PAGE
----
From 'Higher Type' to Isotype? - Nietzsche and the Roots of Modernist Graphic Design
We know Nietzsche got his start not as a philosopher but as a children's book author.
Still, what if that isn’t true?
Or rather, what if it is equally true that Nietzsche got his start neither as a philosopher nor as a children's book author but as a bold pioneer in the stylized—stylish!—visual presentation of information?
We think of Isotype as the brainchild of philosopher Otto Neurath, with artist Gerd Arnst responsible for executing designs, and Marie Neurath acting as ‘transformer’ between, deploying her considerable talents as artist and scientist on a co-equal, collaborative basis.
What a testament to the sensibility of 'Red Vienna', during the interwar years. Vienna! With its radical progressivism, hotbed intellectualism and peculiarly severe taste in art, craft and design!
But, again, what if the truth is it all started much earlier?
Pictures don't lie. See below a gallery graphical extracts from Nietzsche's original design portfolio, which he intended to see through, not in book form, but instead as proliferating iconographic signage to be erected by roadsides and in public spaces across Europe.
As well, this picture language could be conveniently employed in the effective design of public health bulletins to hang in every doctor's office! To say nothing of colourful posters suitable for school settings at all education levels!
Nietzsche's key design insight: complex, esoteric ideas, appreciable only by the few—perhaps only by the One!—can be conveyed via simple, conventionalised iconography, suitable for delivering simple, readily understandable ideas to the many.
Naturally, as this insight made no sense, no one had any notion what Nietzsche was on about and the project languished on the drafting table. Eventually it occurred to him maybe he could write a book.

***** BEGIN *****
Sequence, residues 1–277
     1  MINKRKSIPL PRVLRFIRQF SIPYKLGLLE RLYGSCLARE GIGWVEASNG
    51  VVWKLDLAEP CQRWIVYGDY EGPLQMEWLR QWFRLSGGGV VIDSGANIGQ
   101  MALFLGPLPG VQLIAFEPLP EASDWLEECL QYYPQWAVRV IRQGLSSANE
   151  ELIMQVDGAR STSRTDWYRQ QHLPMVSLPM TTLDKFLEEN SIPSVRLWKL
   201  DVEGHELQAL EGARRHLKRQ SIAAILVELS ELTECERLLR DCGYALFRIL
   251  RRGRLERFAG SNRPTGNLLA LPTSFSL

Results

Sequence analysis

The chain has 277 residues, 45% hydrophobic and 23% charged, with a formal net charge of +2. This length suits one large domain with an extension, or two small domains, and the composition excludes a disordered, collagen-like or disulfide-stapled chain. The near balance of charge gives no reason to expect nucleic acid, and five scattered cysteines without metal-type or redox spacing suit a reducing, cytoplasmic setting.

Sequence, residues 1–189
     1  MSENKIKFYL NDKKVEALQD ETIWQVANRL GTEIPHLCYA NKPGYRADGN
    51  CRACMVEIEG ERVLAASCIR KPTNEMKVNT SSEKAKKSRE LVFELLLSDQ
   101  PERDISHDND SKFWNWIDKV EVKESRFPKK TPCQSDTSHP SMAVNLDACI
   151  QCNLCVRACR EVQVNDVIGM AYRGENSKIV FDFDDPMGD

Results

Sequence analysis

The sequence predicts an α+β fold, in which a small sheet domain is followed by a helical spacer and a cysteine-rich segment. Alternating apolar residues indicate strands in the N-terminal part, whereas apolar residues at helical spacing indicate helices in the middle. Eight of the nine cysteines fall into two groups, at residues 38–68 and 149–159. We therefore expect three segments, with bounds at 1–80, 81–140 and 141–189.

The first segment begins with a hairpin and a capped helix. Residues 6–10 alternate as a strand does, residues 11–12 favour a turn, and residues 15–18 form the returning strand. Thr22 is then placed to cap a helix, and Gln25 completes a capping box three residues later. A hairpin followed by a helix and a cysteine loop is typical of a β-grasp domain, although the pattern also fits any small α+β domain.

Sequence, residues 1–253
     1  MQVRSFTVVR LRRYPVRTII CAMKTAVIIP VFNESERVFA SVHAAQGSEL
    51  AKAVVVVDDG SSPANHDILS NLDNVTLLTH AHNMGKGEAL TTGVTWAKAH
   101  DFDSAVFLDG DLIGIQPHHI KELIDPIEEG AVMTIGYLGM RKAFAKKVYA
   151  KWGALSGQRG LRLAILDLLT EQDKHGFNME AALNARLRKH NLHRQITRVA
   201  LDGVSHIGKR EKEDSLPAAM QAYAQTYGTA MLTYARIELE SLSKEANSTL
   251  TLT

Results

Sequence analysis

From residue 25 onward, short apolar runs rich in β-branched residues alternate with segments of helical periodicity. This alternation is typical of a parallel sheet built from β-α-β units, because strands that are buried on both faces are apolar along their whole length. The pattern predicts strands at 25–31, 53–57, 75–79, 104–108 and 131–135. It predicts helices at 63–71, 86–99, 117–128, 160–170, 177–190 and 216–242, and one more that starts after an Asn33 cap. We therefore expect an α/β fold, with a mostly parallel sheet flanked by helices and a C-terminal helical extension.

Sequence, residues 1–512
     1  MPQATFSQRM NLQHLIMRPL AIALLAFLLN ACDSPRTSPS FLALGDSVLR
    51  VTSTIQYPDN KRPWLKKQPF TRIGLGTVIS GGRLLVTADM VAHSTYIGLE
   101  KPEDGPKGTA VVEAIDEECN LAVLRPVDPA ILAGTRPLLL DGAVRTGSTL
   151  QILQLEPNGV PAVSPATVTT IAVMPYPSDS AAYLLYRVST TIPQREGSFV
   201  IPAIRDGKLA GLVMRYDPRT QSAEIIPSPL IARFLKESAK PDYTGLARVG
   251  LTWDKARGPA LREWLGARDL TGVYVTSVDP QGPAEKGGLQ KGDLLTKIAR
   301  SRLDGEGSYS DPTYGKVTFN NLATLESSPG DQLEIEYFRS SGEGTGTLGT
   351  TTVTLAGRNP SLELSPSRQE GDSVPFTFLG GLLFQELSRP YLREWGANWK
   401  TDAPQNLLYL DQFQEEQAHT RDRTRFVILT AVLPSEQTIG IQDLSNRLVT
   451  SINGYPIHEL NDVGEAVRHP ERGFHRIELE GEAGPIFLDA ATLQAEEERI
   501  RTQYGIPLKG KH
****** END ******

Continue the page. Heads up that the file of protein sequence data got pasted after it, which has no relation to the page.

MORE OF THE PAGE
But the story doesn't end there!
Decades later Otto Neurath has the philosophical foresight and acumen to see that, though Nietzsche's abortive ‘Isohighertype’ project was an unquestionable failure, yet this simple picture language—open to all, hence unsuitable as a private, esoteric code for a spiritualized elite of isolated ‘higher types’—could be repurposed, social democratically, as a simple picture language, open to all!
At a stroke, Isohighertype became—Isotype!
And the rest is design history!
And yet these pre-historic remains, sampled below, can still be unearthed in a few archives today. (Even the original cover for Thus Spoke Zarathustra, also pictured below—so strikingly modernist!—is accountable, design-wise, only in light of the book’s pre-history!)
And the history of philosophy? This archival rediscovery must reconfigure how we regard not just the birth of visual modernism but the fraught relationship between ‘analytic’ philosophy—of which Otto Neurath is a Vienna Circle exponent—and ‘continental’ philosophy—of which Nietzsche is a bold Ur-Vater
Perhaps we can look forward to a future day when analytic and continental philosophers are able to bridge their differences by exchanging simple depictions of iconic human figures, and so the design circle shall be complete!
NOTE: All this is parody! It's not real! To be clear. Also, to my knowledge, my sampling of pre-war Isotype work is legally in the clear, not just as transformative parody but due to no existing/valid copyright title/transfer after W.W. II. It's pretty important that people not make frivolous copyright claims to iconic modernist designs that should no longer be under copyright. Fair is fair.
(If you want to buy a sticker or something, go here! Honestly, I only sell this stuff because it's funny to sell it, not because I make much money.)